Just for Organization

Saturday, June 14, 2014

The YMCA of the Triangle Youth Gardens

Everyone is hard at work.

Walking out onto the grass along the side of the road, the first thing that came to sight was a large burly man who was in blue. As we walked up the hill and peered around some more, I could see that many others were in the same royal blue uniform; some seemed to be of college-aged but most seemed to be very youthful and vibrant, passionate in their work. All of the counselors were accompanying a group of children who were engaging in hands-on projects. Some of the children were building long and wide, but not deep, wooden boxes (devoid of the top and bottom bases) that seemed to be used for sectioning off area for gardening and composting (raised beds), some were wheel-barrowing dirt and mulch, from mountainous piles, others were then scattering the delivered dirt/mulch in between and into the wooden “pseudo-boxes”. Although there were, of course, some kids who were playing around (they are all children!), however, the system in which they worked seemed to create a self-sustaining community with each person specializing in tasks and with the adults supervising and aiding.
Raised beds is the efficient way to garden. Mulch retains moisture, increasing the life of these plants.

This is the YMCA of the Triangle Youth Gardens, a program that Maurice, my mentor, is creating and expanding.

As you look around past the garden, however, you could see that you are standing in possibly the only “green” land in an eyesight’s radius. This garden is an urban garden. Urban gardens are extremely beneficial to all, for they raise the surrounding property values, they provide a sanctuary for those in need of an environment change, they allow for young-lings to engage in projects that are guaranteed to improve their characters, and of equal significance, they allow for everyone to learn more about the importance of this field and ever-growing industry all the while sparking inspiration and keeping everyone occupied with more favorable outlets than is the norm in urban areas. Urban gardens could only mean good.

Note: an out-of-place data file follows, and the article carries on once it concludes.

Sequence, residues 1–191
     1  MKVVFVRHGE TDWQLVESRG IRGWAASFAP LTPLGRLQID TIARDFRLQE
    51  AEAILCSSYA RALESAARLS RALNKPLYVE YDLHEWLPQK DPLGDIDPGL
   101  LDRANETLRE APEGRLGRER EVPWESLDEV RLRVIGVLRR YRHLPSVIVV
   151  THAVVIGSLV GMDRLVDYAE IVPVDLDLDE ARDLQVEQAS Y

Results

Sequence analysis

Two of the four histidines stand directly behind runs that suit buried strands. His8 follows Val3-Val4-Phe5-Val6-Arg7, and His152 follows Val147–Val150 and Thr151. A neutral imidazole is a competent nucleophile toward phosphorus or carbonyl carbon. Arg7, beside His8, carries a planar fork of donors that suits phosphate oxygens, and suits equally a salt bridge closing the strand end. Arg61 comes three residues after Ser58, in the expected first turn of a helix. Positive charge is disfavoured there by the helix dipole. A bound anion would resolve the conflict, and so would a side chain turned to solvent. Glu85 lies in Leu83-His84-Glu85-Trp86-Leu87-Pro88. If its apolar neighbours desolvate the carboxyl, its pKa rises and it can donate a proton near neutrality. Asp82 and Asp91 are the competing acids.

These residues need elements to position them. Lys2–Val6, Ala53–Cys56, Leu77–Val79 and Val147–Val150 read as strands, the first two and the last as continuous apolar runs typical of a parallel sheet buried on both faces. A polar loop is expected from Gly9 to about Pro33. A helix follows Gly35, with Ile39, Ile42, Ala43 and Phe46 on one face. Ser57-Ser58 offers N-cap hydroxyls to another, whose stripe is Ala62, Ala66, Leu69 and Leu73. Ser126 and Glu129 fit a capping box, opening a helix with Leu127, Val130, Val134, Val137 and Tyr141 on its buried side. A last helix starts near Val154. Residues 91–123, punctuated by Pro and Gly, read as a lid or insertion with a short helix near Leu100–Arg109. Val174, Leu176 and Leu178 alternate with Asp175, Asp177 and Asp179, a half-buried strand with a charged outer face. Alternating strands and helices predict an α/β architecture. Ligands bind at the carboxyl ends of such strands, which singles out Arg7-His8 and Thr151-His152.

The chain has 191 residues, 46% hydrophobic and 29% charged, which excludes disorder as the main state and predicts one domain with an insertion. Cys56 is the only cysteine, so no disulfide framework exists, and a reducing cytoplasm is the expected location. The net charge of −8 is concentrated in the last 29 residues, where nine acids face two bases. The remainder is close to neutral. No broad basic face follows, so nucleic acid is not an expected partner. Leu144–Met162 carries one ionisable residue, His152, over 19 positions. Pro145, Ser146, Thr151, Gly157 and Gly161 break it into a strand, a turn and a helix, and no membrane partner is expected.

Composting from banana peels and coffee curds! The only work involved in this process is done by the worms. Efficient, huh? The leaves are nature's insulator and moisture retainer. (All was learned from Maurice)
The garden was the backyard of a little home that had been renovated to become the YMCA house. Now, once you step into this building, you are filled with a home-y feeling. There are inspirational and motivational quotes on each wall that exude great vibes that every environment should have. In the kitchen, Maurice told us that the kids eat what they harvest, hence, they eat healthily which in return correctly stimulates their minds and bodies.
Yum. Growing food using compost as soil helps enhance flavor and nutrition. The kids love it!

This place really left an imprint on me and on my goals. How can we change the lives of those around us for the better? How can we, bring more fortunate than others, use our guaranteed comfort and tools to help those surrounding us, people and matter? I believe that all problems and issues stem from lack of awareness, lack of empathy, lack of reaction, and an unbalanced equation. Now, how can we mitigate the severity of those things?

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